How to Fest

Roger Curzon and I are scheduled to repeat our slightly acclaimed excursion into the rarely-trod byeways of magical history and performance for the experimental theatre company Slung Low in Leeds this Sunday from 3:30 p.m. I’m opening with an illustrated exploration of the curious history of magical invention, followed by Roger who will weave strange, magickal tales around the bizarre curios and artefacts discovered in his late, unlamented Uncle Albert’s suitcase.

This is a medium-sized but pertly formed part of Slung Low’s How-To… Festival 2: Magic & Showmanship. Sounds like it’ll be a great day out for some of the family. To quote their publicity: “Sunday 31 May is a day of performance, film, lecture and food from Myra Dubois, Professor Vanessa Toulmin, Russell Hall & Roger Curzon, Freddie Brook and Manjit’s Kitchen. And because it’s the How To… Festival  you can learn new skills in £paywhatyoudecide creative workshops though out the day; learn how to make the entertainment and the food. No experience necessary!”

The day starts tastily at 11:00 a.m. with Manjit’s Kitchen where she will demonstrate how to cook delicious vegetarian Indian dishes and curries, and you can then have a go at creating them yourselves – all ingredients and equipment are provided.

At 2:15 p.m. Freddie Brook plans to teach us how to Simply Amaze Our Friends in a workshop that will focus on “the performativity of magic and how to incorporate your own style into the tricks that you do.”

As I said, Roger and I will be strutting our various stuffs from 3:30 p.m., including a dab or two of performativity as the occasion demands.

Then at 5:00 p.m. Professor Vanessa Toulmin will take you on a filmic tour of Edwardian Leeds with live piano accompaniment presenting pioneering films of showmen Mitchell & Kenyon in Leeds. If you’ve not seen this presentation before, I highly recommend you catch it. Click here for more details.

There’s a break for dinner at 6:00 when you can enjoy delicious food from Manjit’s Kitchen and refreshments from the HUB’s £1 bar with free tea and coffee. Plus live music from Bianca Gerald before rounding off the day with a hilarious performance for grown ups from Myra DuboisAuntie Myra’s Fun Show is at 7:30pm.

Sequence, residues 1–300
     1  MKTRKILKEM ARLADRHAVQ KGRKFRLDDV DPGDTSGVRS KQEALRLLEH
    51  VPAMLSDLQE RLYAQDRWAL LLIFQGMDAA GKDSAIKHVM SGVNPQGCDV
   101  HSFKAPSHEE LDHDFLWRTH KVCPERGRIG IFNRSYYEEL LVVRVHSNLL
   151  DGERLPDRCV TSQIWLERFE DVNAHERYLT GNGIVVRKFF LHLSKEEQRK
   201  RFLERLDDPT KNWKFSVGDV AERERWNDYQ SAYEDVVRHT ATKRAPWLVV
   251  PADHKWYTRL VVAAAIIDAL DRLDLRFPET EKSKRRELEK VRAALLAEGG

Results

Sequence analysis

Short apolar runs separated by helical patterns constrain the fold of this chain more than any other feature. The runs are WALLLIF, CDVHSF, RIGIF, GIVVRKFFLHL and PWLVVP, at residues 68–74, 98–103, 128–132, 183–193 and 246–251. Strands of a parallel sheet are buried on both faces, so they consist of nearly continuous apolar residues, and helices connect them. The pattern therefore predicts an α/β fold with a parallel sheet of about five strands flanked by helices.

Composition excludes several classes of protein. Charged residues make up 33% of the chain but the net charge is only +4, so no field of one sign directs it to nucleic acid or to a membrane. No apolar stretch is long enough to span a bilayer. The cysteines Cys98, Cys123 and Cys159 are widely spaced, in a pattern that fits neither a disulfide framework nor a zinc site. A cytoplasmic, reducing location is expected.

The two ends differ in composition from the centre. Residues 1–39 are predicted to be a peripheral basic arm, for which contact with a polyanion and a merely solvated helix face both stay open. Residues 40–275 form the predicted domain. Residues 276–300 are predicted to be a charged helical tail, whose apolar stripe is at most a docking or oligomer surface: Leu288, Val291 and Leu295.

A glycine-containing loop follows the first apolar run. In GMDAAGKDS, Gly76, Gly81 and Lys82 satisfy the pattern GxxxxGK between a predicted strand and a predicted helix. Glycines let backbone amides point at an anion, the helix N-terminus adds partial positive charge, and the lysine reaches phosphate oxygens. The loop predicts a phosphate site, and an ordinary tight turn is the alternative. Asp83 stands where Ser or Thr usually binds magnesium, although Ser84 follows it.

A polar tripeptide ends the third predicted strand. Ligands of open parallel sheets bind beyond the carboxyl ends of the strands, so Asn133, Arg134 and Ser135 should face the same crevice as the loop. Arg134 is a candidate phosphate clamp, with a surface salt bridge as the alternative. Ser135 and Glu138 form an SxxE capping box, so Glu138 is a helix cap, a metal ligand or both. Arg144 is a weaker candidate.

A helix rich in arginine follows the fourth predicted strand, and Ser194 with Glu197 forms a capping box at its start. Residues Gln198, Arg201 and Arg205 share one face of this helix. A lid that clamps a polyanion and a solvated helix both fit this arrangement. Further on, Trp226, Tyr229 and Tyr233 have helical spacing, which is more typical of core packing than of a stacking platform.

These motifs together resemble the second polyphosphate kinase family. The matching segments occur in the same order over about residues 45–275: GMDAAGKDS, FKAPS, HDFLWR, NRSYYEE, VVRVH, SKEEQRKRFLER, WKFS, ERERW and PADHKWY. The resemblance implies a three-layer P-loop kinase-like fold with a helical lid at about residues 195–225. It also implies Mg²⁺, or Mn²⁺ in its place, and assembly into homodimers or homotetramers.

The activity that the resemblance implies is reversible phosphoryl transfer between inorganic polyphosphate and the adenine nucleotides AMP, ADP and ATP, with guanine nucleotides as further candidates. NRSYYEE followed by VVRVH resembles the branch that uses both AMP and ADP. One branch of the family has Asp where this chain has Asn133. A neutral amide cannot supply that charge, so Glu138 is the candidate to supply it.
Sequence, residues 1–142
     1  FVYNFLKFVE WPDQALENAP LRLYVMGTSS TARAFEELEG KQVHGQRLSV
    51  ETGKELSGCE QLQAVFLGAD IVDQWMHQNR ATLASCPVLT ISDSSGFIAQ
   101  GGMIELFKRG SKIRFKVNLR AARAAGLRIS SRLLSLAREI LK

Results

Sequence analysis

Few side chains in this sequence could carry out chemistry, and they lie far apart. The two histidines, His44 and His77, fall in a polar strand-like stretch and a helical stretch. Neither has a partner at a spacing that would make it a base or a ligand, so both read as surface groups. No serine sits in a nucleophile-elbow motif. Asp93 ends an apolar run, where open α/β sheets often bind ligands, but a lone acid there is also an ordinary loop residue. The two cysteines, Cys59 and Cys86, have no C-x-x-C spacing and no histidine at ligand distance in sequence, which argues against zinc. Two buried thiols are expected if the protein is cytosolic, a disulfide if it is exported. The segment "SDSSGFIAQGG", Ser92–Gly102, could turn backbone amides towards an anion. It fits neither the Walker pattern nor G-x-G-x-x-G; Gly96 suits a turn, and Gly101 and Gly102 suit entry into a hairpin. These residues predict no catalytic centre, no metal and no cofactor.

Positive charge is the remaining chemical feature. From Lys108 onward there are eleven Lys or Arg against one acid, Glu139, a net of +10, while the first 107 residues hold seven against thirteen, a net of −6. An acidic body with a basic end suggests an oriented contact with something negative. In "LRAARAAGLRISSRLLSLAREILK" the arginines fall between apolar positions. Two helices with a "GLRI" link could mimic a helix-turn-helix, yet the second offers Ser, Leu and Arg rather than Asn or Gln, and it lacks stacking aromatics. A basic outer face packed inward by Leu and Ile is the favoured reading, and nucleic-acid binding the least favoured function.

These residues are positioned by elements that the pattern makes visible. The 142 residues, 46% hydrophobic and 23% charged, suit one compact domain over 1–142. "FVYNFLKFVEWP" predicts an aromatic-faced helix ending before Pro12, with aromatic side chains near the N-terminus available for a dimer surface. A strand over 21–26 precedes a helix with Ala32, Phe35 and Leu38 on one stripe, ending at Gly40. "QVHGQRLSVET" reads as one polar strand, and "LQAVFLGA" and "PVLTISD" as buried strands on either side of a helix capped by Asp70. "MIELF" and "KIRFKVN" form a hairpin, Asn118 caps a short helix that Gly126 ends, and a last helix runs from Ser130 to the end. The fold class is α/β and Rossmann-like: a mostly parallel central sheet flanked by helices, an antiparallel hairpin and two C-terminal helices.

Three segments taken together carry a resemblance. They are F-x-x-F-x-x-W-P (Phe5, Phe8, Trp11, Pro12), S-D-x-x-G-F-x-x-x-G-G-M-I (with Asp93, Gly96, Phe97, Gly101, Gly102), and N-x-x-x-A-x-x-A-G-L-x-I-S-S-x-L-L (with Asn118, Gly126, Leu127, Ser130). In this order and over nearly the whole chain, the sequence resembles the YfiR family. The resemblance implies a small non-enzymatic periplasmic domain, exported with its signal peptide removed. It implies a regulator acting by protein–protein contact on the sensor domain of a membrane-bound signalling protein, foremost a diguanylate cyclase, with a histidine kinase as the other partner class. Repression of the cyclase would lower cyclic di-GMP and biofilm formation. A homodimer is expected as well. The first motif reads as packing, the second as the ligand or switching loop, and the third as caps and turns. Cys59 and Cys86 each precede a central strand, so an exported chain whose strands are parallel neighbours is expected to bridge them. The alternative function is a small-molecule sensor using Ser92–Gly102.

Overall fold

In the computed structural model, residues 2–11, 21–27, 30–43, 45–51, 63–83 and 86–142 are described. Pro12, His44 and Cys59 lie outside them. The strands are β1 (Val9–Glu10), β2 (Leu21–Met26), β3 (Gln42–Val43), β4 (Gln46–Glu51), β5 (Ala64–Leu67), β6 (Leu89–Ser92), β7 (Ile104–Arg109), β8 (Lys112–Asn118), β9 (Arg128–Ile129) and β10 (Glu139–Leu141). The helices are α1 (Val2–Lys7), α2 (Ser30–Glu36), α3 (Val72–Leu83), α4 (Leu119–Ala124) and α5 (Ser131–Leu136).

I understand that there is a very limited capacity for all Festival workshops and performances so to reserve places please email with the number of places you wish to book for each event and a contact telephone number.


11:00 Cooking with Manjit (recommended 14+)
2:15  How To… Simply Amaze Your Friends (recommended 11+)
3:30 Magical Inventions and Magickal Tales (recommended 11+)
5:00 Mitchell & Kenyon in Leeds (suitable for all)
6:00 Dinner and Live Music from Bianca Gerald
7:30 Auntie Myra’s Fun Show (Adult content 16+)

See you there!

All events take place at The HUB, 67-71 Bath Road, Holbeck, Leeds, LS11 9UA. There’s free on-street parking on Bath Road on Sundays.

Sheffield EntertainedThe Magic Worlds exhibition at the Weston Museum closed on 6 January. But fear not, another magic-flavoured exhibition opens a few hundred yards away at the University of  Sheffield’s Western Bank Library from 7 February to 6 May. Again, Magick has been involved behind the scenes with information and the loan of various rare artefacts.

To quote from the official flyer…

The National Fairground Archive invites you to discover the entertainment heritage of the City of Sheffield.

Drawing on the NFA’s extensive collections and with material kindly loaned from Museums Sheffield and the Local Studies Collection, this exhibition covers the world of illegitimate entertainment; the growth of the music hall and variety in the 20th century; the world of magic; early cinematograph shows and the travelling funfairs that are part of the history of the City.

“Illegitimate entertainment”? Hmm… although I do know a couple of magicians whose parentage has been called to doubt on occasions.

During the nineteenth century, as leisure time increased, entertainment in Sheffield rapidly developed to cope with the demand. Shows, fairs and circuses opened in the city centre. In the early 1800s, one popular venue, The Angel Inn, welcomed the original French Giant, and a second French Giant appeared at The Haymarket in 1865. Travelling theatre companies such as Sheffield locals the Hodgson Family provided portable entertainment for melodramas, recitals and popular sensational stories such as The Life of Charles Peace.

Throughout the nineteenth century larger sites were needed for the purveying of entertainment and a range of new venues were utilised alongside the more traditional theatres such as the Theatre Royal. The Sheffield Institute, a three-storey building constructed in 1847 at a cost of £7,000 was the settPalace Attercliffeing for the visit of General Tom Thumb, aka Charles Stratton who, in November 1857 gave three shows daily for one shilling.

Later years, of course, saw the opening of a number of theatres and music halls, such as The Lyceum (built in 1897), The Sheffield Empire (1895-1963), and The Attercliffe Palace (originally The Alhambra, 1896-1961). The poster shown here is from a 1950 show at The Palace. Note the appearance of Hamilton Kaye ‘The Amazing Deceptionist’, who many readers will remember as a popular local magician, dealer and purveyor of flash paper.

Sheffield Entertained is curated by Professor Vanessa Toulmin and Amanda Bernstein. The audio-visual curator is Andrew Moore. Opening times are Monday-Thursday 9 a.m. to 7 p.m., Fridays 10 a.m. to 7 p.m., Saturday and Sunday 12 p.m. to 6 p.m. (Exceptions: Thursday 28 March and Monday 6 May 9 a.m. to 5 p.m.; closed from Friday 29 March to Monday 1 April.)

For further information see .